He confronted Hitler with statements made by his chief propogandist, Joseph Goebbels, that the Nazi party would make a ‘revolution’ and that the Weimar parliament could ‘go to the devil’. How could he employ Goebbels and at the same time commit in his public speeches to peaceful means to achieve power? It was a good question. Hitler fumbled for a convincing answer.

Hitler’s ordeal lasted just a few hours. The judge cut short further damaging questioning but the newspapers reported the Hitler’s court room discomfiture. It was terrible publicity.

Hitler, no respecter of lawyers and legal procedures, was thoroughly rattled by the experience of having to submit to close, careful and pointed questioning. It must have appeared to him to be a colossal impertinence for this half Jew and Communist sympathiser to be able to subject him to such an experience. He vowed not to forget the day.

After the trial, Litten was attacked in the Nazi press and suffered physical attacks as well. As the Nazi Party inched towards achieving political power in 1932, family, friends and colleagues urged him to leave Germany for his own safety. His reply was that he would stay along with the millions of people who could not afford to emigrate.

Hitler became Chancellor of Germany in January 1933. Four weeks later the German Parliament, the Reichstag, was destroyed in a mysterious fire. The Communists were blamed for the destruction of the building and emergency legislation was passed which suspended basic rights and introduced detention without trial.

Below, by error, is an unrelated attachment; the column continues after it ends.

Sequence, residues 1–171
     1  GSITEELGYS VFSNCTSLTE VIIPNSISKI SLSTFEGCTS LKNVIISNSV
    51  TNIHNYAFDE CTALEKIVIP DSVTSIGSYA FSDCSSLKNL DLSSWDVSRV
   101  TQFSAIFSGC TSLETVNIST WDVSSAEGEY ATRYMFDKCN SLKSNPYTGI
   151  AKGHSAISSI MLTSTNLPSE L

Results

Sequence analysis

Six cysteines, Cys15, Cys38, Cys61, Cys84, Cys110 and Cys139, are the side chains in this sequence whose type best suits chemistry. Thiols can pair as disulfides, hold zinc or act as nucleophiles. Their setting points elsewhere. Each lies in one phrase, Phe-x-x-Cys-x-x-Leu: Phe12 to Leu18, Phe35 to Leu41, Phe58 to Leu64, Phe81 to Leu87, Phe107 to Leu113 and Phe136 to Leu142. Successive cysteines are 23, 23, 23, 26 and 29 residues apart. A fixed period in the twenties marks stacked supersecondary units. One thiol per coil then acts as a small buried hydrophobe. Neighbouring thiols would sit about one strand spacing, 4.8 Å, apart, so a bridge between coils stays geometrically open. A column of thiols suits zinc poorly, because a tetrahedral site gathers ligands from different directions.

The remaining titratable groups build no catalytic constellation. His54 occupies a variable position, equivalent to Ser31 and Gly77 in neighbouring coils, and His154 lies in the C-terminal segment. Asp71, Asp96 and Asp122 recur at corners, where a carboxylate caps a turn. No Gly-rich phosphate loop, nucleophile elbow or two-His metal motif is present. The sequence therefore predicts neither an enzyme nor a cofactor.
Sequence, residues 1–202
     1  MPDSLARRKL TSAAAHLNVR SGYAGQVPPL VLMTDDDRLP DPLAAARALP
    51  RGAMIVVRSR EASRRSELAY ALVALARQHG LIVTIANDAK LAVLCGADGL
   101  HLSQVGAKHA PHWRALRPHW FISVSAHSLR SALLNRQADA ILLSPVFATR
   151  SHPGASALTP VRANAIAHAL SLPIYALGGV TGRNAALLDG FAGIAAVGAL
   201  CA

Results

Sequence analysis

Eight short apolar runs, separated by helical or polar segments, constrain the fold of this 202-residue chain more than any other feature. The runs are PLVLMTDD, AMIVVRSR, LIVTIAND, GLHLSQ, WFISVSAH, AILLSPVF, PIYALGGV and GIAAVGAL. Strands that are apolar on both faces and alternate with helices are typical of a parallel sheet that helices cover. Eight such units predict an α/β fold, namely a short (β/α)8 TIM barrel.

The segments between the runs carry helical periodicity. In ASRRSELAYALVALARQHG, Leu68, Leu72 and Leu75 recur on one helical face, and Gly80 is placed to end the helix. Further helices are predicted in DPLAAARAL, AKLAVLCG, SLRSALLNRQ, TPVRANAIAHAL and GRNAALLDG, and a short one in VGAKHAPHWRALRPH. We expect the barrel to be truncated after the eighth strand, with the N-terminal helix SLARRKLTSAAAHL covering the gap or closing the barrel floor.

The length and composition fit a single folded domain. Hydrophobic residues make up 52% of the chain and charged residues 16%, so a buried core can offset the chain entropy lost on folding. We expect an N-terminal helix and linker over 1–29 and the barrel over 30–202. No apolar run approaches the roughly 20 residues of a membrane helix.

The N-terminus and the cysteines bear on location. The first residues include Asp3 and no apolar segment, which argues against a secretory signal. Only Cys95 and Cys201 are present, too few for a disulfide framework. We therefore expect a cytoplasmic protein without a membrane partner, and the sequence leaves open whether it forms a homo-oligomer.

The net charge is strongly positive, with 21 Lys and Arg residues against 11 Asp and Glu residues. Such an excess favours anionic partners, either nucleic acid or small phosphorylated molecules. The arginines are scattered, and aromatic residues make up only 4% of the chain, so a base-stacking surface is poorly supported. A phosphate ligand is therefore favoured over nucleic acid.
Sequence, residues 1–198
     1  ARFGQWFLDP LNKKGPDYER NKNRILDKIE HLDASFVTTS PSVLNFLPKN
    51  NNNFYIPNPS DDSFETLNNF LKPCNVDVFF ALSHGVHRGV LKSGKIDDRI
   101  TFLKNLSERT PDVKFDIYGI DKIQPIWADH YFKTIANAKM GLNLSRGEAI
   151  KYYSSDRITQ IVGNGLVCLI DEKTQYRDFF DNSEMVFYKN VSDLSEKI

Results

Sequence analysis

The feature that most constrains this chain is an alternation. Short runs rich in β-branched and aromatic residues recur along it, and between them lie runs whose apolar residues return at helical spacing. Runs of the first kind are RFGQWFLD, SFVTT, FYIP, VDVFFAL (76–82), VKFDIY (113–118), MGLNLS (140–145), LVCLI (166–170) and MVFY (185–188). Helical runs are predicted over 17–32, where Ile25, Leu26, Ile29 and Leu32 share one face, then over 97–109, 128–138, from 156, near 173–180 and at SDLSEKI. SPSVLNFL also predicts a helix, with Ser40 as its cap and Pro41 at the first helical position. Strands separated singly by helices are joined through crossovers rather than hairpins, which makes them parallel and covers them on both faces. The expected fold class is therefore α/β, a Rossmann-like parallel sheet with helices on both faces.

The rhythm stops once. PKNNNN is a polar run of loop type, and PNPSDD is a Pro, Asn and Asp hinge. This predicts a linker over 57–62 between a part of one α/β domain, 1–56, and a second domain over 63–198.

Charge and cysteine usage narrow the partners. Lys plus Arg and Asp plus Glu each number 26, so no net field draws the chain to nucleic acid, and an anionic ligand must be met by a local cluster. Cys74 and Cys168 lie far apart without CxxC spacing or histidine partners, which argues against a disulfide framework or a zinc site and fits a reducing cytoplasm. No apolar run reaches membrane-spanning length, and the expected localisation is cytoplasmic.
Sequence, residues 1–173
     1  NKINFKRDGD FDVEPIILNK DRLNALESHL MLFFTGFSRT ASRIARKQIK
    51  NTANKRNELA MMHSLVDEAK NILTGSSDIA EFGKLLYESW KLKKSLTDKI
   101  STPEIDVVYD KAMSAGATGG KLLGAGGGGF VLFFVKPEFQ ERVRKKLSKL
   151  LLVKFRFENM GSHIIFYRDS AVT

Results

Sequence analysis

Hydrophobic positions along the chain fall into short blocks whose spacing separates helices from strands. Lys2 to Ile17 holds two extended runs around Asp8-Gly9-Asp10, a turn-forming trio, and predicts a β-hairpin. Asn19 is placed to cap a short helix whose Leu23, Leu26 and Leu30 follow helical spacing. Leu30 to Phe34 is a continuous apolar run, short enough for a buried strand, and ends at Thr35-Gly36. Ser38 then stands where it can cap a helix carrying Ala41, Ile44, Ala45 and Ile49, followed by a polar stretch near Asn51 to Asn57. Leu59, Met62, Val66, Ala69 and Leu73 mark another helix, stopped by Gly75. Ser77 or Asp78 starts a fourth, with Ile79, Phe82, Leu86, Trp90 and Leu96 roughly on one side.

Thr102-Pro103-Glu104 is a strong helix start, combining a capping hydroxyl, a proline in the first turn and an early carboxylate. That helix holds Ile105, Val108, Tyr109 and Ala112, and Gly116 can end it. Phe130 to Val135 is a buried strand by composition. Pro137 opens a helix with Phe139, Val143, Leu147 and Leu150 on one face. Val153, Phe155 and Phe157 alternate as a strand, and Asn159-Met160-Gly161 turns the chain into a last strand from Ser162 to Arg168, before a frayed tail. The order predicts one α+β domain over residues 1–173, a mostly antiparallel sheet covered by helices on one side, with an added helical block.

The police arrested Litten a few hours after the emergency decree. It was obvious that his name had been included on a list of undesirables and anti-socials that had been prepared well before the Reichstag fire.

Litten passed into a regime of protective custody which started with incarceration in prison accommodation which, after a while, changed to concentration camp detention. He was never charged with an offence and so he never stood trial. He was beaten on many occasions. His injuries included a fractured jaw, a broken leg and the loss of teeth.

Litten hoped that he might be released but that hope faded after a a couple of years. He was moved to the main concentration camp at Dachau, near Munich, in the autumn of 1937. The camp authorities treated him as a Jewish prisoner because his father had been born a Jew. The regime at Dachau wore him down so that in February 1938, after exactly five years of detention and il-treatment, he committed suicide by hanging himself with knotted clothing in a latrine.

After the war, Litten was largely forgotten. Neither West Germany or East Germany had much use for a legal figure in cold war ideological conflicts. That changed with re-unification thirty years ago. Litten then embodied a commitment to legal principles that all German lawyers could appreciate.

The Berlin Lawyers’ Association named itself after him and its building is on ‘Littenstrasse’. The German Association of Democratic Lawyers award a prize in Litten’s name every two years to a lawyer who has distinguished himself or herself by standing up for legal rights in confrontation with authority.

The story of Hans Litten deserves retelling. It serves to remind lawyers that just doing their job can be dangerous, deadly even.

By the Way



About the author

Philip Dykes is a Senior Counsel. He has lived in Hong Kong for over thirty years. His interests are in literature, language, history, fine art and photography. He worked as government lawyer until 1992 and he is now in private practice.